Building a Robust NJ Research Network
NJ Universities Step Up Digital Connectivity
“Digital transformation” was the theme of EdgeCon2019, a gathering of CIOs (chief information officers) and other leaders from New Jersey higher education institutions, as well as from public school boards and healthcare organizations. The event was hosted by NJEdge, New Jersey’s nonprofit Research & Education Network (REN).
“The mission and vision of NJEdge is to become a tech solutions center that levels the playing field for New Jersey’s public entities,” asserts Dr. Samuel Conn, the organization’s President and CEO. The organization seeks to serve the tech needs of universities, schools, and libraries “through public-private partnerships, federal assistance, and software services.”
NJEdge is building what it calls an “Eastern Research Network” in partnership with regional RENs, which seeks to create an open online environment for New Jersey researchers to collect and share their work and computing resources in the Internet2 space. “Research As A Service,” Conn calls it, adapting the slogan “Software As A Service (SAAS)” used to brand cloud-based digital solutions. “More and more public institutions are moving to the cloud for services such as secure data centers.”
As hard as it is to make predictions of digital trends, one of the keynote speakers at EdgeCon tried to do just that. Shivvy Jervis - who styles herself as a futurist and advocate of digital transformation - listed a number of ongoing experiments, ranging from the human-centered efforts of Brisbane, NZ to “upskill” its citizens’ “digital IQ”, to the slightly creepy “emotive AI” research into using cameras and computers to determine a person’s state of mind based on visual and audio cues.
New Jersey’s first Chief Innovation Officer, Dr. Beth Simone Noveck, urged the state’s IT leaders to be on guard against uneven access to technological tools. In her keynote address, Noveck spoke of progress as a “double-edged sword” and cited “climate uncertainties” as a top priority and societal challenge.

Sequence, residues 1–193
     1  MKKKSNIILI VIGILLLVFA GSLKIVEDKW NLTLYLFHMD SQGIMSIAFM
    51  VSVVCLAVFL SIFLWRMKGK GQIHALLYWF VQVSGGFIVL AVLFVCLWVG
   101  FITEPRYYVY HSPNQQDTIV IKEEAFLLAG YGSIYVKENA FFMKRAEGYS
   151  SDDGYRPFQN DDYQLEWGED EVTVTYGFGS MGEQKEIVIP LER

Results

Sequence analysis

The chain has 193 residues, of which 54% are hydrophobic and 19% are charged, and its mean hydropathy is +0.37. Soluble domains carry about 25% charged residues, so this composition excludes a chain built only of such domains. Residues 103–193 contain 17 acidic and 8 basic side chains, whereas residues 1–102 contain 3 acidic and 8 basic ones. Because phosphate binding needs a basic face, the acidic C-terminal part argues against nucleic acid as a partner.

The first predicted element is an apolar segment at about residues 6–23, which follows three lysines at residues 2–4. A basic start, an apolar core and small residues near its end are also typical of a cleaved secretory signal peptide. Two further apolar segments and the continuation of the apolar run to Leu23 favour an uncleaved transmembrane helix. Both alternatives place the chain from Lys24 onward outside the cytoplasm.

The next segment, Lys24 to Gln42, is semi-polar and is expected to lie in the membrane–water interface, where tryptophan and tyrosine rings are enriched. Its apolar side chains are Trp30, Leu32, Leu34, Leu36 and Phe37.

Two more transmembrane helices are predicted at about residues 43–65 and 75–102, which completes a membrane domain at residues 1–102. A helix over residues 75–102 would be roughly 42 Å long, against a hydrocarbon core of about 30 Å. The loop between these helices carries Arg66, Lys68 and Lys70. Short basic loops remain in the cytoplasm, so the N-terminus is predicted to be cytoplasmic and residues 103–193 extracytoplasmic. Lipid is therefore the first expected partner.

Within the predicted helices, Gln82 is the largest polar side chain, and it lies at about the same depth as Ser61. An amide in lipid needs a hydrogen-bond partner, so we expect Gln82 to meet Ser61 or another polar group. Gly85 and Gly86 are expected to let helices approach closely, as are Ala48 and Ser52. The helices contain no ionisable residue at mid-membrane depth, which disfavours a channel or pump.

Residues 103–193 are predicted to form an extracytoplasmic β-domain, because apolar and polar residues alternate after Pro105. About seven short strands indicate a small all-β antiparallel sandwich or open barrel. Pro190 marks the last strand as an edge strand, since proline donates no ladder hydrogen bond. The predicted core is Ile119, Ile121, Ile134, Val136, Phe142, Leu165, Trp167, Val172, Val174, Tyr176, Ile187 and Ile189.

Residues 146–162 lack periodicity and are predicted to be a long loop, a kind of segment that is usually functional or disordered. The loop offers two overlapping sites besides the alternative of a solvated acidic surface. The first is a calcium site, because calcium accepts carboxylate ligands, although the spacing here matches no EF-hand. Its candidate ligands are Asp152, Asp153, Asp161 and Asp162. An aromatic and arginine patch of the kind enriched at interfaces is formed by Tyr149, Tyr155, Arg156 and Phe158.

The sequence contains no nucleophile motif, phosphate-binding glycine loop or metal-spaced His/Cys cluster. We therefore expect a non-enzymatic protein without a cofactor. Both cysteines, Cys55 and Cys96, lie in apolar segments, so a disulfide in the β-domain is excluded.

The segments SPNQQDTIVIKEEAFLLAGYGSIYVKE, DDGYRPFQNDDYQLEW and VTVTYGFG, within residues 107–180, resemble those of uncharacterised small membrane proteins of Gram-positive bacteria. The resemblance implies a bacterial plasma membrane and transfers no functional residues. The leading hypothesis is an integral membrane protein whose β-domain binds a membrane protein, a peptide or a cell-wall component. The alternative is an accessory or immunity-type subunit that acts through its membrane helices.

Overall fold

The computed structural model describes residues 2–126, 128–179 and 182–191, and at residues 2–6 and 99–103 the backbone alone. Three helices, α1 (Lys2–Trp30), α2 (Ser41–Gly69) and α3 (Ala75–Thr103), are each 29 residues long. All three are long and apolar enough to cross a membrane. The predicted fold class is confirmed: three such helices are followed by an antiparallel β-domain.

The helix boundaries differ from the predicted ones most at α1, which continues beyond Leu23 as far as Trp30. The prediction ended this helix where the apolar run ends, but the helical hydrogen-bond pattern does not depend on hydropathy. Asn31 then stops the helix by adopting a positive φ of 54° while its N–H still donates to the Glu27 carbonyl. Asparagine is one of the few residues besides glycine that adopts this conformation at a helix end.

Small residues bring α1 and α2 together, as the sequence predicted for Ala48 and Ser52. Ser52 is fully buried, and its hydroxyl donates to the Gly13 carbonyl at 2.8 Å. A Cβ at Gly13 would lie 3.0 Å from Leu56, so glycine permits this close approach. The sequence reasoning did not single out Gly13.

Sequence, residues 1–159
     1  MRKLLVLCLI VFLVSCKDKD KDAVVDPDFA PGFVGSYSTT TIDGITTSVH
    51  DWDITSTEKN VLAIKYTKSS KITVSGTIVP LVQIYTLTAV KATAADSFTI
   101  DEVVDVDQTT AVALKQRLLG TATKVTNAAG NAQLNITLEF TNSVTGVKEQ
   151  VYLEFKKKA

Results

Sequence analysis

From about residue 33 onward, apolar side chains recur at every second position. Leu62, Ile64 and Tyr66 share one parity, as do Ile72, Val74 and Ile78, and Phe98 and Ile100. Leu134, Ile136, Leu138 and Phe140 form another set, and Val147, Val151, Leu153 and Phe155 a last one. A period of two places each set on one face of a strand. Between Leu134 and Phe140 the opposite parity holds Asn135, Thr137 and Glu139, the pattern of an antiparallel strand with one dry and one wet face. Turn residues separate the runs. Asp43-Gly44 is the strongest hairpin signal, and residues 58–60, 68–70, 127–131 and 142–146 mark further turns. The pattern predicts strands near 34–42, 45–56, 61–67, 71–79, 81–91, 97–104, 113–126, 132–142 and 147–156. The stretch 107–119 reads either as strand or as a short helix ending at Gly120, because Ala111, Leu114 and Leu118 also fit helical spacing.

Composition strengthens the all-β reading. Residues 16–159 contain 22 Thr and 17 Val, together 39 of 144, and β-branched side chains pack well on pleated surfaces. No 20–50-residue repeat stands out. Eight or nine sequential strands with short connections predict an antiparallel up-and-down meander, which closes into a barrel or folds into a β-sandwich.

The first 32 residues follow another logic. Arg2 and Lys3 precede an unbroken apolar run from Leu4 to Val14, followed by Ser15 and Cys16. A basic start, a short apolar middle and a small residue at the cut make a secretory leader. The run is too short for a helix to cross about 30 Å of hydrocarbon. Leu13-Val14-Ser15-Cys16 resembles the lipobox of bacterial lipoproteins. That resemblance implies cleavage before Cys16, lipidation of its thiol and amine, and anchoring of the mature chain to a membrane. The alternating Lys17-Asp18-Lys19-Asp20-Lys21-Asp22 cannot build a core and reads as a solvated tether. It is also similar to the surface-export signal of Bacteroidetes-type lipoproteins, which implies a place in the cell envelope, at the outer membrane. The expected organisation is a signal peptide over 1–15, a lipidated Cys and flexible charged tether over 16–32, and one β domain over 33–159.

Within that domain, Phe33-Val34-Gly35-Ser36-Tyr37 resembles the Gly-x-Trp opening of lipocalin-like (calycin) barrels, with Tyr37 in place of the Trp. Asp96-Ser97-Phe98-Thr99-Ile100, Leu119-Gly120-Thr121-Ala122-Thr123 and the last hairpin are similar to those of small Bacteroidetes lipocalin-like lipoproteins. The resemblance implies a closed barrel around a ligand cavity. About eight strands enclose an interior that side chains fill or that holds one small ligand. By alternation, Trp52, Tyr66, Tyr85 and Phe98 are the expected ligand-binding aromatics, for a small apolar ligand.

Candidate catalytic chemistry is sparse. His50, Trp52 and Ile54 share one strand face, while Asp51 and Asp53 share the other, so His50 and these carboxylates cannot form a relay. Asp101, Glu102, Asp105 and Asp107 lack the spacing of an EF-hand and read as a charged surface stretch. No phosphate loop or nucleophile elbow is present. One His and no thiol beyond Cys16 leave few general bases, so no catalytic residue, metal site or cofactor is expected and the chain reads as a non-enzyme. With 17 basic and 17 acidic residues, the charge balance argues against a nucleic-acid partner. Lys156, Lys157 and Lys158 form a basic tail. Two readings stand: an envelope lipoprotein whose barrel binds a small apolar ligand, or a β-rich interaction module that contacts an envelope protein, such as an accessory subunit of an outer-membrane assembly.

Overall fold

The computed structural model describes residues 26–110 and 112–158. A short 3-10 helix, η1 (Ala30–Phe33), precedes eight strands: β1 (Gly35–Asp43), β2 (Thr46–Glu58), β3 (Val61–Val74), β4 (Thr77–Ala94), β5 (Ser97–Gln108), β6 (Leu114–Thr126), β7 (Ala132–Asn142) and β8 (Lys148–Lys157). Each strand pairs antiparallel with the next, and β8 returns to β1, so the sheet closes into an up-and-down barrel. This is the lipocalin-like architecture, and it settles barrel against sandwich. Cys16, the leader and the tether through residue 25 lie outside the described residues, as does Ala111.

Dr. Noveck used the term “collective intelligence,” to mean digital collaboration through networked organizations, which is becoming an increasingly common approach to social problems. She referenced Wikipedia, and smaller-scale projects such as participatory budgeting experiments in New York City as successful applications of digital collaboration. In Novack’s view, digital networking can “generate excitement about government and problem-solving.” And she hinted that we should be on the lookout for some sort of “collective intelligence” to be leveraged and implemented in New Jersey in the near future.
EdgeCon positions itself as a networking and informational opportunity for those who implement New Jersey’s public institutions’ technology solutions. For the non-technical, it is like a stroll through the land of codespeak, with glimpses of digital solutions still under development. Even if you’re wary of adopting these technologies, you should know they’re coming soon.